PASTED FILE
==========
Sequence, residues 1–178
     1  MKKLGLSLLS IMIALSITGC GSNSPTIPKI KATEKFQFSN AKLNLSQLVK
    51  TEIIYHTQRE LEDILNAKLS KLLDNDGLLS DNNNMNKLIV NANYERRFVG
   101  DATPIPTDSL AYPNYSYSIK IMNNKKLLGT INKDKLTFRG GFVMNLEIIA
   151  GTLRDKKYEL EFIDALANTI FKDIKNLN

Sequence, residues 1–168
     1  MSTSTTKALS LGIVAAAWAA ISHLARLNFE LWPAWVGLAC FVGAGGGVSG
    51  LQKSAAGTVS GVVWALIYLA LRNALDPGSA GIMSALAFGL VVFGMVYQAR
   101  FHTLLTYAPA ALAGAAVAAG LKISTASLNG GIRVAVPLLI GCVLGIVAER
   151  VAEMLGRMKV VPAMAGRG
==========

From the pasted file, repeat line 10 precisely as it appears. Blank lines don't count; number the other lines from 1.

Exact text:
   151  VAEMLGRMKV VPAMAGRG